Targeting An Audience

You got those readers I need?

You got those readers I need?

Ok guys. If you’ve been following my independent author journey, then you know that the struggle is real! The biggest obstacle by far is marketing and trying to zero in on who exactly is my intended audience. Who in the hell would be interested in reading Twisted and how can I reach out to them?

I attended a Twitter conversation yesterday about branding yourself in the market. (I find the live Twitter conversations fascinating, but kind of hard to keep up with. Questions and answers are rapidly flying everywhere!) I asked the moderators what branding techniques authors could employ to promote themselves. One of the moderators asked who my audience is. That’s where I drew a blank. I have no idea! Initially, I thought it would be millennials who enjoy reading fast-paced thrillers (I’m not so sure it’s just millennials now). I told the moderator as such. She suggested that I whittle that down. Ok. Whittle it to what though? I honestly have no clue.

Therefore, dear reader, I’m asking your opinions to get more ideas on a target market. For all of y’all who’ve read Twisted or the free sample on the blog, who do you think would most enjoy reading this story? I’d LOVE to hear your comments here or on social media! Oh, and a big shout out and hugs to my teacher readers! I really appreciate the support and engagement!

7 thoughts on “Targeting An Audience

  1. Hi Stephanie,

    So your book has a mary jane entrepreneur in it, right? I seem to remember you mentioning that once, and the title underlines it well. But I looked at the blurb on Goodreads and Amazon but didn’t see any mention of it. I’d say that should be upfront in the blurb. Weed is a big deal right now, what with it being legalized in some states (including our nation’s capital), while others are holding out. Don’t hesitate to put your book on tap where people are bellying up the the bar for a tall draft of that particular drama.

    Also, search Twitter, G+, Facebooger, and everywhere else you can for people who are talking about marijuana business models. Get up in there. Those are your readers. They just don’t have a clue your book exists yet!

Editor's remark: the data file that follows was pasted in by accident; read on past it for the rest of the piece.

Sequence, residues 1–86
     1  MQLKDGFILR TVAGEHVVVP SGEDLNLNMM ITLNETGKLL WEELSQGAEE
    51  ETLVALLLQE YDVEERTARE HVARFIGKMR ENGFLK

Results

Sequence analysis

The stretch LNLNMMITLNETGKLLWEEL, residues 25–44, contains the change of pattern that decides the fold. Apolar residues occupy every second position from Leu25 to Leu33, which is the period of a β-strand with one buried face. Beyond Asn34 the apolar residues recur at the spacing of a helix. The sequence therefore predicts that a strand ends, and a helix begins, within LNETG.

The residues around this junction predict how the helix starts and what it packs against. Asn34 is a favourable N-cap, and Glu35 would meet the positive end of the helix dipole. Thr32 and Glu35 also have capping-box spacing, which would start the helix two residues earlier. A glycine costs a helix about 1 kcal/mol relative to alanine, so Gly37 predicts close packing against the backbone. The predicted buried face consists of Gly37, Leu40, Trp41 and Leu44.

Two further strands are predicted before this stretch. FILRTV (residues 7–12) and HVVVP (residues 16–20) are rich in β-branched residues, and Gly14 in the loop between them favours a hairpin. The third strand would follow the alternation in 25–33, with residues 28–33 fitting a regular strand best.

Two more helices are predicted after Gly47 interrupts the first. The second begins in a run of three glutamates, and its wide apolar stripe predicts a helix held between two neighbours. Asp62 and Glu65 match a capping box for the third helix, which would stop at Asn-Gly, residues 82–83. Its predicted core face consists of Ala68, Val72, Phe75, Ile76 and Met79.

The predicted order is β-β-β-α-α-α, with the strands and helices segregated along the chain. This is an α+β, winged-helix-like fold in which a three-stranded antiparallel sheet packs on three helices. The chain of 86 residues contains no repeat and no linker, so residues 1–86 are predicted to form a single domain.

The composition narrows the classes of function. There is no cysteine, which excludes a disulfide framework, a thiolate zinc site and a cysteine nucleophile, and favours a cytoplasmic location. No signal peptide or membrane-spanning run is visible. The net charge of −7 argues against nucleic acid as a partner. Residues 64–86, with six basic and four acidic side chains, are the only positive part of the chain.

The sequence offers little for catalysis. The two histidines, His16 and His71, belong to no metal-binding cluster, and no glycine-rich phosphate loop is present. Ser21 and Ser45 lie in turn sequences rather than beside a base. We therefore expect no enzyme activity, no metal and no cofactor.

Good luck!

    Cheers,
    -=Cliff>

    • Thanks for your suggestions Cliff! I’m a little apprehensive about mentioning AJ’s weed biz in the blurb because I don’t spend a whole lot of time discussing the specifics of it in the story (e.g. the daily operations, cultivation, drying, etc.). However, I’ll figure out a way to explicitly incorporate AJ’s enterprise into the blurbs. Any attention and traction would be great. BTW, like “Facebooger.”

  2. First off, yay! So glad you were able to join #mediachat last night! It moved really FAST! I had a hard time keeping up as well. But I agree with Cliff – weed is such a hot topic right now, adding it to your blurb will pull readers in. Additionally when thinking about my target audience I thought of 1: the books that inspired me that are similar to my book, then piggybacking off of their target audience. 2: I thought of the people who I’m writing the book for and who have enjoyed reading it. Which ended up being me and my sisters, making my target market young adults who enjoy epic fantasy such as Lord of the Rings, Harry Potter and The Chronicles of Narnia who are between 12-21 and most likely come from a religious background and enjoy wholesome books. Hope that helps!

    • Thanks for the insight Angela. I’ll have to think about what books are similar to mine. I’ve been told that it sounds a bit like Savages by Don Winslow. I’m not really sure who would enjoy my story. My family and friends have, but their ages vary so it’s kind of hard narrowing down a specific age range. I guess I could examine their likes and hobbies, but even that widely varies.

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  4. OK, I’m going to try this again because last time I timed out and I had this thing I was trying to say about my categorization of simple and complex audience but forget it now. My other suggestion to you outside of the one I made about Savages and whatnot, is to truly know what your book is about. This does not mean just what you write as the blurb or the synopsis but what things are truly explored in the book and that people can relate to. For instance, my horror book DARKER, while being a newer take on Carrie is really about not fitting in in a world that still doesn’t respect differences in this case, coming from the viewpoint of an African-American young woman. Pin down the real meaning of your book and find people who review books that way.
    Also, it’s good to have a holiday or a season around which you can market your book. Bestsellers are a very seasonal thing. For instance, if you’ve been paying attention to market trends on Amazon and other booksellers, you’d know that the most recent highest paid books are highly influenced by the start of school. Catcher in the Rye, Old man and the sea, etc. There is always a season for every genre where it explodes. Find it and use it.

    • Hmm… you’ve given me something to think about. I’ve thought about doing a post on the themes I wanted to highlight in the book (and I kind of brush on that in the “On Twisted Greens” post). However, my only concern is that I don’t want to impose all my views on the reader since I think people takeaway their own themes from fiction.

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